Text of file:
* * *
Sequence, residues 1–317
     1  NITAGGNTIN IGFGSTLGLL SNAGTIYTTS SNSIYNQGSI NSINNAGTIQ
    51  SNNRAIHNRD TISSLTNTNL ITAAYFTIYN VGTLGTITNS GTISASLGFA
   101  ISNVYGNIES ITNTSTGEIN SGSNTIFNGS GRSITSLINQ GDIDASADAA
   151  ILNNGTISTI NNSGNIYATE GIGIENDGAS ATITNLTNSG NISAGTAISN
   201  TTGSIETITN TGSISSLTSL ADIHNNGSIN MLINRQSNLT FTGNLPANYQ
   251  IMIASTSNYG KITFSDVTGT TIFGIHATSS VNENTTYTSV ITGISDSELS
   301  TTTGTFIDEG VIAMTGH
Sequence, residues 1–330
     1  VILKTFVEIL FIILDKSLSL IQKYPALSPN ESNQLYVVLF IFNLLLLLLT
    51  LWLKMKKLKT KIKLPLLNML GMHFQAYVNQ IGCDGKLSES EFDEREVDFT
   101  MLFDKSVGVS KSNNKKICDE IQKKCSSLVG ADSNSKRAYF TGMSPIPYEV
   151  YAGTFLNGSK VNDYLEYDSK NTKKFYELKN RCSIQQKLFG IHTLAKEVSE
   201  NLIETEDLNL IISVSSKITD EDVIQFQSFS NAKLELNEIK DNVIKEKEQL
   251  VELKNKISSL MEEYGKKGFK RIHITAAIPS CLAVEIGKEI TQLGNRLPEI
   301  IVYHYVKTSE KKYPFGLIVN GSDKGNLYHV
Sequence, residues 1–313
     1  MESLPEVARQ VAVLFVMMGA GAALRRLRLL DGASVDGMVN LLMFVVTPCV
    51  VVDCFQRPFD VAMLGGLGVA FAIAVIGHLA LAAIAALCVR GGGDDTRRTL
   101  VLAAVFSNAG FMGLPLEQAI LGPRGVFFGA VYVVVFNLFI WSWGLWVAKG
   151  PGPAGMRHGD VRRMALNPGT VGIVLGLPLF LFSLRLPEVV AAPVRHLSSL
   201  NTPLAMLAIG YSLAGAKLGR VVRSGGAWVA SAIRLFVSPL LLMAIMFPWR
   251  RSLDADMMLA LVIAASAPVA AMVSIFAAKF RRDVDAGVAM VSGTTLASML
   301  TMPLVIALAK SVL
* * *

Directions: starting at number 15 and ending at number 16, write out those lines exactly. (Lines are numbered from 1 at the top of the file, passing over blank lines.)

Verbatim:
   251  VELKNKISSL MEEYGKKGFK RIHITAAIPS CLAVEIGKEI TQLGNRLPEI
   301  IVYHYVKTSE KKYPFGLIVN GSDKGNLYHV